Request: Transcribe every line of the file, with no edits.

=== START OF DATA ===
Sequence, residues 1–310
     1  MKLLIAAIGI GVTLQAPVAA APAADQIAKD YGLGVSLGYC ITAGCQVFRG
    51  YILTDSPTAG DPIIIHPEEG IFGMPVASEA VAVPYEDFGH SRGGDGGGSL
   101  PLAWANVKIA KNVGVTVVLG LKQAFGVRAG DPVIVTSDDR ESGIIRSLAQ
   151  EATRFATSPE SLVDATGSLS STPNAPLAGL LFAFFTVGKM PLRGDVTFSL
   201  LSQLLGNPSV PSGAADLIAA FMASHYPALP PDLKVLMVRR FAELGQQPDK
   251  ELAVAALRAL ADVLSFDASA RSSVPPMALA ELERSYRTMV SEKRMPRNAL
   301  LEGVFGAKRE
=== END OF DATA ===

Sequence, residues 1–310
     1  MKLLIAAIGI GVTLQAPVAA APAADQIAKD YGLGVSLGYC ITAGCQVFRG
    51  YILTDSPTAG DPIIIHPEEG IFGMPVASEA VAVPYEDFGH SRGGDGGGSL
   101  PLAWANVKIA KNVGVTVVLG LKQAFGVRAG DPVIVTSDDR ESGIIRSLAQ
   151  EATRFATSPE SLVDATGSLS STPNAPLAGL LFAFFTVGKM PLRGDVTFSL
   201  LSQLLGNPSV PSGAADLIAA FMASHYPALP PDLKVLMVRR FAELGQQPDK
   251  ELAVAALRAL ADVLSFDASA RSSVPPMALA ELERSYRTMV SEKRMPRNAL
   301  LEGVFGAKRE